The study, conducted by the journal Occupational Medicine, spoke to 709 participants in nine English hospitals during the summer, finding that nearly half “met the threshold for probable clinical significance on at least one of the following measures: severe depression (six percent), PTSD (40 percent), severe anxiety (11 percent) or problem drinking (seven percent)“.

These figures are significantly higher than the UK national average, with four percent of people experiencing PTSD and depression, and six percent suffering anxiety, according to data from the Adult Psychiatric Morbidity Survey. Alarmingly, researchers also found there were substantial rates of mental health disorders and even thoughts of self-harm, particularly among nurses working under the stressful conditions of the pandemic.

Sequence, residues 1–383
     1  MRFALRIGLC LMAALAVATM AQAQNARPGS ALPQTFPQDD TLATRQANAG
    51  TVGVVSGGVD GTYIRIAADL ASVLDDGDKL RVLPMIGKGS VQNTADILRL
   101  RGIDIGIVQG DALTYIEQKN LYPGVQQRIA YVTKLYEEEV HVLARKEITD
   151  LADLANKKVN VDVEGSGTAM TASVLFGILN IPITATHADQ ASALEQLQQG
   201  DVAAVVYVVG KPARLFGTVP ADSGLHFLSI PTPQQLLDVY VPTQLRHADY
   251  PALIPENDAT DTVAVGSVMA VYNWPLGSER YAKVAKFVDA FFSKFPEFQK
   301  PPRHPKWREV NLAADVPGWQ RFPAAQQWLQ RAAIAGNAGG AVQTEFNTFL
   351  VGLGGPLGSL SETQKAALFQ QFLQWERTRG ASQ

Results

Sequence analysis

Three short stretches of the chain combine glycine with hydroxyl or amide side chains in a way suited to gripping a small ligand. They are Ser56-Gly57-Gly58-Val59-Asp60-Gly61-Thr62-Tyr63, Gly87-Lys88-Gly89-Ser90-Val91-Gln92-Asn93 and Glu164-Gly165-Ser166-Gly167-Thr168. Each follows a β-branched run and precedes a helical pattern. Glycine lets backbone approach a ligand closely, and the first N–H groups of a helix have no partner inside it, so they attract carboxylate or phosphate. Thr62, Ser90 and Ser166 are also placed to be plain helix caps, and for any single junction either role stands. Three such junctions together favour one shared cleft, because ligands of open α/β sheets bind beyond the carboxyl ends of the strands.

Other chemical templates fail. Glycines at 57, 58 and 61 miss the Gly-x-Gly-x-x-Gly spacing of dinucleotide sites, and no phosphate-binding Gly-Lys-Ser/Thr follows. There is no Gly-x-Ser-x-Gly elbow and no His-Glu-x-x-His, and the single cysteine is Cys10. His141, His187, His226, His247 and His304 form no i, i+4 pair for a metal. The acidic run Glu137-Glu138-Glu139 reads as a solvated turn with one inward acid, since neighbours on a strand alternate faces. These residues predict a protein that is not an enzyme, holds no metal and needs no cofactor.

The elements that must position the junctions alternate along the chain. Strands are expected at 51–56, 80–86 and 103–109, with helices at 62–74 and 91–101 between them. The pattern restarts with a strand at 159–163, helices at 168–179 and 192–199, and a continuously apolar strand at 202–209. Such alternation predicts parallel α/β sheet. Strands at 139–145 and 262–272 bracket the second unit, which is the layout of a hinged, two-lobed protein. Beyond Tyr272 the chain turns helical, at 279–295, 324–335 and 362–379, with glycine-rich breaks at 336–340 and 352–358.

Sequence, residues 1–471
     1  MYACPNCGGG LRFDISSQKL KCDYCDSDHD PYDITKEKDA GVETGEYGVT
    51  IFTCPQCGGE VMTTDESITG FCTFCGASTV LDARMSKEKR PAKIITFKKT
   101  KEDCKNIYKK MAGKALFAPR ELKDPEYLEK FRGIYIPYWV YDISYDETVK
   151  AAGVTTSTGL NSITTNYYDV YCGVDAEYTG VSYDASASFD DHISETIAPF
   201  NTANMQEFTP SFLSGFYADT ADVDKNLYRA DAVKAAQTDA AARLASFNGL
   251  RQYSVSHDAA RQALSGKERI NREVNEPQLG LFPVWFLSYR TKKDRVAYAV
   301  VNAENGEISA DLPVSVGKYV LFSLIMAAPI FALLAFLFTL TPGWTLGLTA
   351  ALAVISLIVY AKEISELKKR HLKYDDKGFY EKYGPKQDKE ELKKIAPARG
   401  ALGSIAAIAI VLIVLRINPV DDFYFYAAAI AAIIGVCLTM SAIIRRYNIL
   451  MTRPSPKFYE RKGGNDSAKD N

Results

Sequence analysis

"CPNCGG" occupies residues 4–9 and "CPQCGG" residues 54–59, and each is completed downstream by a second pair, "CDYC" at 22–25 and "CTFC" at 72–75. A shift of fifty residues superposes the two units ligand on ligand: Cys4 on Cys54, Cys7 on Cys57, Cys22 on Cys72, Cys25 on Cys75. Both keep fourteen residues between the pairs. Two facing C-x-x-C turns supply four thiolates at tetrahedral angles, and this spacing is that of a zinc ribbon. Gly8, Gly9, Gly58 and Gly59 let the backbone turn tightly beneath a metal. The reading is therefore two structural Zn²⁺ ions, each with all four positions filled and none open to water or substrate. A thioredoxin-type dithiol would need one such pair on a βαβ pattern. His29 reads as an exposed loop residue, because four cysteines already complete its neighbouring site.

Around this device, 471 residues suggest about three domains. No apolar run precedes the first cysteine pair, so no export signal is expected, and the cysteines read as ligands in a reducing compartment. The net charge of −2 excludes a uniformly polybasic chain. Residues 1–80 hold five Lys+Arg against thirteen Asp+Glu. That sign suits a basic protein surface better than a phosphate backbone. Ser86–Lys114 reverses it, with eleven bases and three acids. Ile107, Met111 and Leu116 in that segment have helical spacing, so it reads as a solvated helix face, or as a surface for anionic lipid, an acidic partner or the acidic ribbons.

As this study shows the “substantial burden of mental health symptoms being reported by ICU staff towards the end of the first wave in July and July 2020”, there is concern that, with the Covid-19 situation escalating in the UK, medical professionals could currently be suffering even more gravely than the study reports.

The British government has been forced to take drastic measures in recent weeks, as the country faces running out of hospital beds and spaces in morgues. London Mayor Sadiq Khan declared a major incident on January 8, as numerous hospitals struggled with the rapid spread of Covid-19.

The UK has reported 389,572 new infections in the past week and 6,898 deaths within 28 days of a positive test, taking the UK’s total cases to 3,164,051 and fatalities to 83,203 since the start of the pandemic.

On Tuesday, the country reported its highest daily number of new deaths, at 1,564.